There is a body of literature problematizing the lack of women's accounts in classical sociology. Limited efforts have been made over time to place female and male theorists' writings in juxtaposition with each other to demonstrate how their writings and theories, due to their different experiences, differ from each other. However, some important contributions have been made in this field. Lengermann and Niebrugge-Brantley (1998) presented 15 women sociologists of the 19th and early 20th centuries. They described each woman's contribution to sociology and also some differences among these female sociologists and male sociologists concerning their choice of aspects to be observed. In their study, Grant et al. (2002) explored sociological writings by women and men between 1895 and 1940. They argued that women's work was different to that of men. More women than men wrote empirical, evidence-based articles. Further, women wrote about women, children, immigrants and the poor – subjects that tended to be rather absent in the men's work. Although contributions like these are valuable, this article argues that it is also important to provide university teachers and students with literature and articles that do not “only” describe differences in what subjects early female and male sociologists explored. More articles are needed that demonstrate how female as well as male sociological theorists interpreted the development of modern society and the same subjects very differently. Therefore, the aim of this article is to encourage discussion of how early female and male sociological theorists' interpretations of the development of modern society have been shaped by their own gendered experiences. Further, the aim is to shed light on what consequences this provides for teaching and learning classical sociology. Through a comparative analysis of five authors, three female and two male, this article documents how the authors describe and interpret some social processes and phenomena. Hence, the research questions that are explored are: How do these female and male scholars describe the transition from traditional to modern society through their lenses of gendered experiences? How did this societal development, according to these scholars, (re)shape gender and gender relationships?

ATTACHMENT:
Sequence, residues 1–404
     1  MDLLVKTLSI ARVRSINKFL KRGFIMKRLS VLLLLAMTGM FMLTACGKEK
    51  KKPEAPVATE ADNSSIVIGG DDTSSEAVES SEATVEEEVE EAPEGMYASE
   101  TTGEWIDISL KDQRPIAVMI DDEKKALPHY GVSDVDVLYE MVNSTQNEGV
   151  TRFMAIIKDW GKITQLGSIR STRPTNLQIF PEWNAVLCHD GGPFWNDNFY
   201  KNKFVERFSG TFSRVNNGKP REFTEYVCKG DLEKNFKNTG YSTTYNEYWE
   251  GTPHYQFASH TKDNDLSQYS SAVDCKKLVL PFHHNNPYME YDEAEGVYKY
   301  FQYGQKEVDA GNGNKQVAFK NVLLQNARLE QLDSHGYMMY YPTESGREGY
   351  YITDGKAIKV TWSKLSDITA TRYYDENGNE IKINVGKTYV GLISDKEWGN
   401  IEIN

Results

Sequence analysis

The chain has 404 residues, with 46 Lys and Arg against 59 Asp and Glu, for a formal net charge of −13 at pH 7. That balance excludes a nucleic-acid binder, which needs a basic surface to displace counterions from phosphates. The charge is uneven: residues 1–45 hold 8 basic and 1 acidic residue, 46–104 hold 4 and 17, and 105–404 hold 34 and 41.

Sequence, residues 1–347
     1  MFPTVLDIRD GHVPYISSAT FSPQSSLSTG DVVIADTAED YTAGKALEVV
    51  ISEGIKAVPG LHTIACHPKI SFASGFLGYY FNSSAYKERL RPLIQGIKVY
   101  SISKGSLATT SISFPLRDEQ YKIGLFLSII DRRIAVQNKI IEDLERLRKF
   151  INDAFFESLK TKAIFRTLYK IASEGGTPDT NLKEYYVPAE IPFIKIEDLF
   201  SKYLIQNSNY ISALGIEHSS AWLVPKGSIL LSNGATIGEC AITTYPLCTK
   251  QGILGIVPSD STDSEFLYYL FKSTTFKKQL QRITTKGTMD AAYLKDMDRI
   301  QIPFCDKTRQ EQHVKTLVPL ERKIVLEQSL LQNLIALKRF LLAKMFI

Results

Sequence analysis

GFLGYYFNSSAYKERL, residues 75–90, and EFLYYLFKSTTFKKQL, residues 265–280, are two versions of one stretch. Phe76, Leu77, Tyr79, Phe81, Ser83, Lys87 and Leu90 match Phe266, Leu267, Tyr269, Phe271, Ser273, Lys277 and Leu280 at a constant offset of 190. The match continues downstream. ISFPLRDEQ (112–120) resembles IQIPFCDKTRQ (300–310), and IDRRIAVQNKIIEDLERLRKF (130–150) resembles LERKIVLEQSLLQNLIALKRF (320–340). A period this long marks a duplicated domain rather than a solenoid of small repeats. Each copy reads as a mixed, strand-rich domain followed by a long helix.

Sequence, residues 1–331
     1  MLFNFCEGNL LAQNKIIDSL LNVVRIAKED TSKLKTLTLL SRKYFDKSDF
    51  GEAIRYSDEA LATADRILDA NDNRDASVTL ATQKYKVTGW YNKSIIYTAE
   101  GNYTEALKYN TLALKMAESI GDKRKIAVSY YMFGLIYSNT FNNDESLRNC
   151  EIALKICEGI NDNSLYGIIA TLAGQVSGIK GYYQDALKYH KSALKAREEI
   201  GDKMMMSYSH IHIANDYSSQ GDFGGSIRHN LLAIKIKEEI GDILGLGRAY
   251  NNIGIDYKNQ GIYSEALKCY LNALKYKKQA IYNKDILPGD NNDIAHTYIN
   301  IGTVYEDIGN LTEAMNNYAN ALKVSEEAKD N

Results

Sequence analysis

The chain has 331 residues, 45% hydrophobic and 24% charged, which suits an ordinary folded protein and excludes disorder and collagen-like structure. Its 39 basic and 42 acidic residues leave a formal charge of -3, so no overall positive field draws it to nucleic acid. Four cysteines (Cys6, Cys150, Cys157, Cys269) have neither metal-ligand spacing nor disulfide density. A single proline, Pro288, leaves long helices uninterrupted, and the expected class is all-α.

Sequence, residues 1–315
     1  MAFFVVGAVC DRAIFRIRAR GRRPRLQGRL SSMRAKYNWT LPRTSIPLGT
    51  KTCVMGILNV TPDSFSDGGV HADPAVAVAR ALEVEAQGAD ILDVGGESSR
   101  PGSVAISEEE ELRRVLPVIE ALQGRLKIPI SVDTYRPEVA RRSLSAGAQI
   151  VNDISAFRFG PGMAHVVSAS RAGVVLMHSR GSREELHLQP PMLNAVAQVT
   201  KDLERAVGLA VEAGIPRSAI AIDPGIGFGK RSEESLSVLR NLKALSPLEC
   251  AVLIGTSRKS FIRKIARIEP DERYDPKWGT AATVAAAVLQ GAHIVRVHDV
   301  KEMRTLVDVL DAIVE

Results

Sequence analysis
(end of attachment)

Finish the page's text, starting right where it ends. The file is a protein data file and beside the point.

The two questions reflect an interest in capturing how female and male theoreticians reflect on gender (or not) in their accounts of the development of modernity. Also, what happens to the teaching and educational content in classical sociology when both women and men “are permitted” to pursue it. As such, this article also engages in the wider debate of how to teach sociology and particularly why and what we should teach in sociology today (c.f., Harley and Natalier, 2013).

The Selection of Themes and Authors